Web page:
UK’s biggest legal aid firm advertises for unpaid paralegals
Exclusive: Duncan Lewis tries to hire 20 “volunteer” paralegals — then pulls ad off its website after being contacted by Legal Cheek.
The nation’s biggest legal aid law firm has attempted to hire a host of unpaid paralegals.
In a sign of just how desperate the publicly-funded branch of the profession has become following the government’s cuts to legal aid, London-based Duncan Lewis advertised earlier this month for 20 Legal Practice Course (LPC) and Bar Professional Training Course (BPTC) graduates to work free of charge for four weeks as “volunteer” paralegals. The positions are full-time. The firm said that paid employment might be offered at the end of that period “subject to individual performance and business need at the time”.
After being contacted by Legal Cheek yesterday, Duncan Lewis swiftly removed the ad from its website and other job sites. But it remains in the Google cache and a screenshot of it can be seen below. Note the proud mention, seemingly without irony, of the firm’s “GOLD Investors in People Status”.
The use of the term “volunteer” in the job description could relate to a legal requirement that obliges employers to pay the minimum wage to staff unless they are “volunteers” with “no expectation of … any reward for the work they do”.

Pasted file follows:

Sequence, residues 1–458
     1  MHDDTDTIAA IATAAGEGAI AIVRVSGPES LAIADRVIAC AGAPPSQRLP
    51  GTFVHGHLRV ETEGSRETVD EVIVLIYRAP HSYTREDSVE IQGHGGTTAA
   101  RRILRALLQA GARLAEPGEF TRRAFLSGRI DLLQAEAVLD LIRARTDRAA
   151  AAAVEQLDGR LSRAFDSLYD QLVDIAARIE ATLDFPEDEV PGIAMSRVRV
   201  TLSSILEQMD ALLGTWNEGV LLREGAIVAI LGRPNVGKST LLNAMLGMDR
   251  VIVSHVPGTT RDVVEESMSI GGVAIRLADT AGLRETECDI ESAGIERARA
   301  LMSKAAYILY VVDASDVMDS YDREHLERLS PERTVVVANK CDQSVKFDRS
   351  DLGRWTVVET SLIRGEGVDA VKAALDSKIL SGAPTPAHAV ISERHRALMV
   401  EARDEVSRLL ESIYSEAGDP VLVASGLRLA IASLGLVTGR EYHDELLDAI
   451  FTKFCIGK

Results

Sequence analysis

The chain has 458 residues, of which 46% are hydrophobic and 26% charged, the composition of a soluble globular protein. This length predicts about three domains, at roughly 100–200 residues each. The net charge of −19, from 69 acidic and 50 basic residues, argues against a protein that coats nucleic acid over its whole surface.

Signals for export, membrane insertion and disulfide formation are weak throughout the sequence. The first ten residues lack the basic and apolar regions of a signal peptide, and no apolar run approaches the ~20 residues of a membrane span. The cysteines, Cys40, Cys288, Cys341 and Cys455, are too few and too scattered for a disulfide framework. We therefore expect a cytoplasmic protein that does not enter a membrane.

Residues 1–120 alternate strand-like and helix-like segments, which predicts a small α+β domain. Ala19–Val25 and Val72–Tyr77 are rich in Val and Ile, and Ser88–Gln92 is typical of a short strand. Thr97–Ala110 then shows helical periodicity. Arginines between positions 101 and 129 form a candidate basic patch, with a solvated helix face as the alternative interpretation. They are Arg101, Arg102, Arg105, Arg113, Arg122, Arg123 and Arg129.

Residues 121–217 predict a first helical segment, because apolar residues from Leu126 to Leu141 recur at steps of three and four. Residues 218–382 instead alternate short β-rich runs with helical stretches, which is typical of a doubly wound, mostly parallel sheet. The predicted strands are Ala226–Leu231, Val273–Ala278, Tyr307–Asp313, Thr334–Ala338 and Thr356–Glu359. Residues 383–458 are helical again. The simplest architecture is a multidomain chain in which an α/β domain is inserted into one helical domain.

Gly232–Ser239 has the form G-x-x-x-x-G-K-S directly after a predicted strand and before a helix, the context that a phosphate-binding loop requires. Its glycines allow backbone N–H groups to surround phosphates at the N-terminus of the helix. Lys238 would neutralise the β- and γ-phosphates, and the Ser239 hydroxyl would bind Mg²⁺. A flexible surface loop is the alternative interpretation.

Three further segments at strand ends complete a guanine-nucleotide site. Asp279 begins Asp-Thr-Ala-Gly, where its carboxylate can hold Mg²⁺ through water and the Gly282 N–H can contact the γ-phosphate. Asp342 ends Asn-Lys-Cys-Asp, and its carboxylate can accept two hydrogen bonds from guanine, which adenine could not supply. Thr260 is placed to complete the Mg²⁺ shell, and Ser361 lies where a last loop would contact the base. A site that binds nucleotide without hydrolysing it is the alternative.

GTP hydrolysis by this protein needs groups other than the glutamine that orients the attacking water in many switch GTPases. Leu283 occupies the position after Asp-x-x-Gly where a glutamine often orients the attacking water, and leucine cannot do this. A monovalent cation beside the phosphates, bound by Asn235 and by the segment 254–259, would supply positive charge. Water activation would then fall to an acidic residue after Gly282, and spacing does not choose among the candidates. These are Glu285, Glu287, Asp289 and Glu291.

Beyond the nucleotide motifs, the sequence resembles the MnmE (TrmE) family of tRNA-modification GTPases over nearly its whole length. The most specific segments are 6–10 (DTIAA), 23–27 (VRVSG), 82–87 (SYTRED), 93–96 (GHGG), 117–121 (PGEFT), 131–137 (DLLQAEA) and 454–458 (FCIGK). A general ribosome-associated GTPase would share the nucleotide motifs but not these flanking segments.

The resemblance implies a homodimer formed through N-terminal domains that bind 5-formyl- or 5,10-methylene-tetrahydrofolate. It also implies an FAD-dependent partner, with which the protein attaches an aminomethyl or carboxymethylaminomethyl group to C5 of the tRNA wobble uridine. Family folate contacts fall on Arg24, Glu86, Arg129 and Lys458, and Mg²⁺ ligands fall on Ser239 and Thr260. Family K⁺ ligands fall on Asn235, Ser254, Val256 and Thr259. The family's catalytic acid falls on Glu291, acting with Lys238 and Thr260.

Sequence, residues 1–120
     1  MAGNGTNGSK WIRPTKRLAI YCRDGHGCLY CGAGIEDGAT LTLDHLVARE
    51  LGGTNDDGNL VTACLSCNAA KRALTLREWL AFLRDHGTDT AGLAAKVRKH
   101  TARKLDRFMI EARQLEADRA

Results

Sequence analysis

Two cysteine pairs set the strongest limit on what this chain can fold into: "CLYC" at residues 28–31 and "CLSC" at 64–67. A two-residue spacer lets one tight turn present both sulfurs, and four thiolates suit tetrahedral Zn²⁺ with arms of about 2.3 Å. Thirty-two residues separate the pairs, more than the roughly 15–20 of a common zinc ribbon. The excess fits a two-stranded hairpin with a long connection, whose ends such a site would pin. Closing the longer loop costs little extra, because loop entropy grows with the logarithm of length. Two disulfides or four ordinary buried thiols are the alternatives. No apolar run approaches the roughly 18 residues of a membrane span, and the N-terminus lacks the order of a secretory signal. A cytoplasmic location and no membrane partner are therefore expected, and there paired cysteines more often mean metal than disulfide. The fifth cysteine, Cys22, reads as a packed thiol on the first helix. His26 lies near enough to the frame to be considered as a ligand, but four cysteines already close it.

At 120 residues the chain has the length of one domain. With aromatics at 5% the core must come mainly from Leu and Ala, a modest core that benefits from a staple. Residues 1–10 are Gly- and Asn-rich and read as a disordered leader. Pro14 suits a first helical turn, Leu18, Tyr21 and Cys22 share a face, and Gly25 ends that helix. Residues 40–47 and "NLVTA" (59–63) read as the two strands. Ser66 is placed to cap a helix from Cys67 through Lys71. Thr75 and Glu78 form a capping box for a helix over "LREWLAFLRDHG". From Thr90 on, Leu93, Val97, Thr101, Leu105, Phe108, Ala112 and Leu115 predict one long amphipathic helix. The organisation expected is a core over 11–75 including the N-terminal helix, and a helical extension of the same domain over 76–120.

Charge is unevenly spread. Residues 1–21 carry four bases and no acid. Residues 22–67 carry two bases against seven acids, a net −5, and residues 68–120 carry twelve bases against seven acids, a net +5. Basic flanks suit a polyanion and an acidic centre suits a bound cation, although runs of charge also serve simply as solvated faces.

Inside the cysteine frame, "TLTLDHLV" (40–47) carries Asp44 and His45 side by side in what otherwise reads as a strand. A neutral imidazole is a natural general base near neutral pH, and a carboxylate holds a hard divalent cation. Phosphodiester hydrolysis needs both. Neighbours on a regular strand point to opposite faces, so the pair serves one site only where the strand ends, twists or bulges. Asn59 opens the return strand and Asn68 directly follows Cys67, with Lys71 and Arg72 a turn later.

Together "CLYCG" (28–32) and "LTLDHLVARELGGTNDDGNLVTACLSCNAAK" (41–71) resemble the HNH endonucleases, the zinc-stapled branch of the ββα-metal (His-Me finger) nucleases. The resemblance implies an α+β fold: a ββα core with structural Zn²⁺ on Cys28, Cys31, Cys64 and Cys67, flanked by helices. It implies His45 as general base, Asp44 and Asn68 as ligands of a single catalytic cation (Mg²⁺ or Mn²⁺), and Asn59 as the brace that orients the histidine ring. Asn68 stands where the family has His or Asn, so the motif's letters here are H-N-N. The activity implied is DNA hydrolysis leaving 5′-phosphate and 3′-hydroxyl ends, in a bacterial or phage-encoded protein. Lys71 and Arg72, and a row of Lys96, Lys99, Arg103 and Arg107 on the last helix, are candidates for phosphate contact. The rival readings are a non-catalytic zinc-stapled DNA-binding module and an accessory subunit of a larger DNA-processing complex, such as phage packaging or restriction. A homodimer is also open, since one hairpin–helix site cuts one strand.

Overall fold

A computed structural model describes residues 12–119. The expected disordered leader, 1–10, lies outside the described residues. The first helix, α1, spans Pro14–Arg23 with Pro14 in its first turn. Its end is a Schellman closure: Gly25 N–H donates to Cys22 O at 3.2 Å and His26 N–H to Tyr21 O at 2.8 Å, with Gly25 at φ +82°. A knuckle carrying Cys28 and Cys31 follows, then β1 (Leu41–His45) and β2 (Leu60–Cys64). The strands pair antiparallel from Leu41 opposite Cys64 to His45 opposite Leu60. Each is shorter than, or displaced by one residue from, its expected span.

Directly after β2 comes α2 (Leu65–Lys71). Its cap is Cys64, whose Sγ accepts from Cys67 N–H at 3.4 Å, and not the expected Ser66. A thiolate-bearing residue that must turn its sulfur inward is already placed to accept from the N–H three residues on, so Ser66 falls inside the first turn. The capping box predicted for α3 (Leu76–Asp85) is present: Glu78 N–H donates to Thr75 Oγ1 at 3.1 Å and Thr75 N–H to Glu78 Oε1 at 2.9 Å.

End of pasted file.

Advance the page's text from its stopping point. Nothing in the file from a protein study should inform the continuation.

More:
A spokesperson for Duncan Lewis told Legal Cheek:
“Our online volunteer programme advertisement sets out the varied experience that can be gained with us. We are confident that these placements and the activities that we are able to make available beyond ‘work shadowing’ is fully in accordance and compliant within Acas (Advisory, Conciliation and Arbitration Service) guidance as to what they view as volunteering.
“Although Duncan Lewis sets out from the outset that there is no remuneration or offer of a reward for one’s placement time with us, we are proud to acknowledge that we are a law firm that is actively assisting our next legal generation and at times, in accordance with Acas guidance, where we have an excellent candidate, we do offer paid positions following placements where we are of the view that there is the business need.”
The firm declined to respond to our request as to why it had removed the advert from the internet.